Michael Stone

The late Michael Stone was an activist, family man, and teacher of yoga and Buddhism. His method was to slow down traditional yoga sequences and explore them anatomically and psychologically. He continues to be the voice that inspired a new generation of practitioners integrating social change and contemplative practice, and has authored five books, most recently 'Awake in the World: Yoga & Buddhist Teachings for Living an Engaged Life'.

Headshot 2017

Michael was a psychotherapist, yoga teacher, Buddhist teacher, author and activist, committed to the integration of traditional teachings with contemporary psychological and philosophical understanding. The components of his practice included yoga postures, breathing techniques, meditation and textual study. His research and teaching explored the intersection of committed spiritual practice and social action. His primary yoga teacher was Richard Freeman.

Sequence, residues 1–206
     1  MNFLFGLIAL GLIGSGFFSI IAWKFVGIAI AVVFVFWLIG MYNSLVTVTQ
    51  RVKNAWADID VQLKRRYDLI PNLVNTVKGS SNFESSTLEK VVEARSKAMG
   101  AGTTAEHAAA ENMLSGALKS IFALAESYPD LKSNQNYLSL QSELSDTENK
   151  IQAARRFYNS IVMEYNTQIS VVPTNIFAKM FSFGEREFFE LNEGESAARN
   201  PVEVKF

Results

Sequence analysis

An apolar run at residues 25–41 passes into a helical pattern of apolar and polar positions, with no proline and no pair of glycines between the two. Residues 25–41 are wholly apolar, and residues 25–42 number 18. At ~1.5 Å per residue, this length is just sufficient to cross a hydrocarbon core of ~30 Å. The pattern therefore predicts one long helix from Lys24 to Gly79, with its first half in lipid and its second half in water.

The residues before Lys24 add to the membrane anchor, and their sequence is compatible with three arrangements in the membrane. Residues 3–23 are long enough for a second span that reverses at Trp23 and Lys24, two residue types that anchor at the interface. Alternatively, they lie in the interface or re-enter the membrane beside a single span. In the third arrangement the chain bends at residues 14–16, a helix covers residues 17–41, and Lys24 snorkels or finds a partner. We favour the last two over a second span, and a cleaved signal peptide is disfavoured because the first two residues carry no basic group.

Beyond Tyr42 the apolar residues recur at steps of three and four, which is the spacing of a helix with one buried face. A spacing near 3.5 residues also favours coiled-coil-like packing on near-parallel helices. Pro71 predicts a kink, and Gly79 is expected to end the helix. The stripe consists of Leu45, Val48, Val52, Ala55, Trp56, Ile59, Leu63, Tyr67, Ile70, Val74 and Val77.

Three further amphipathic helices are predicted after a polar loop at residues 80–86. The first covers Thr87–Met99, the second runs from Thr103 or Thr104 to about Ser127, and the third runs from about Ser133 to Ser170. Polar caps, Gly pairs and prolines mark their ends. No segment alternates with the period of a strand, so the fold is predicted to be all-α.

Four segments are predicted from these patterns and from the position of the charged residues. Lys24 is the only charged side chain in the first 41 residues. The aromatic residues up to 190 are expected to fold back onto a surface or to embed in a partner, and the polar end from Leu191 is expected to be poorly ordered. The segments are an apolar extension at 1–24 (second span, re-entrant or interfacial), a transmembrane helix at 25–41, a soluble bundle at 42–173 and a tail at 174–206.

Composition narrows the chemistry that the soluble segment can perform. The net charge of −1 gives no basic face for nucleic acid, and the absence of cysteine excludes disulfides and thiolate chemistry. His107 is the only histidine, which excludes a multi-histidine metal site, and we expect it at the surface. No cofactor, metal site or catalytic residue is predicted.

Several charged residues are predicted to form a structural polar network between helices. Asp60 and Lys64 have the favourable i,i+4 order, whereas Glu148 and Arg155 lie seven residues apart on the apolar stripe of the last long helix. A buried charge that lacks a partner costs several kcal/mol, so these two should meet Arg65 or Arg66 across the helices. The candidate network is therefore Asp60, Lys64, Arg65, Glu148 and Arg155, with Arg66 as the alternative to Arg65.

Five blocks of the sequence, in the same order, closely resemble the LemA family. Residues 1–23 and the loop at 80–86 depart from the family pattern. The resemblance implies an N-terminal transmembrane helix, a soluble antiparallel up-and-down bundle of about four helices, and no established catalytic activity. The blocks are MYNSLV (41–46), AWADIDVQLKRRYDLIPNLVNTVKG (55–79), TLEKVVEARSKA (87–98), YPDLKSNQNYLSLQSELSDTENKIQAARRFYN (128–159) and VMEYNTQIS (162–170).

Michael’s yoga teaching method was rooted in slowing down the traditional Ashtanga Vinyasa krama sequences in order to bring deeper awareness to the subtle aspects of postures, balancing attention to alignment with meditative awareness. His meditation teachings integrated traditional Vipassana and Zen forms with insights from Yoga and Mahayana Buddhism, without losing the integrity of each tradition.

Michael’s books include – The Inner Tradition of Yoga, Awake in the World: Teachings from Yoga and Buddhism for Living an Engaged Life, and Yoga for a World Out of Balance: Teachings on Ethics and Social Action. At the time of his death, Stone was working on a book he was calling The National Parks of the Mind: A Field Guide to Mental States.

In addition to yoga and Buddhism, social action was important to him. Describing his personal mission on his website, he wrote that it was:

“To translate traditional wisdom teachings into contemporary tools and make them available globally. Tools to create a culture of compassion and collaboration. I’ve realized that the habits I once thought were personal are actually internalized narratives from the culture we live in. Therefore, I believe that inner transformation and social awakening are one.”

Michael tragically passed away in July 2017.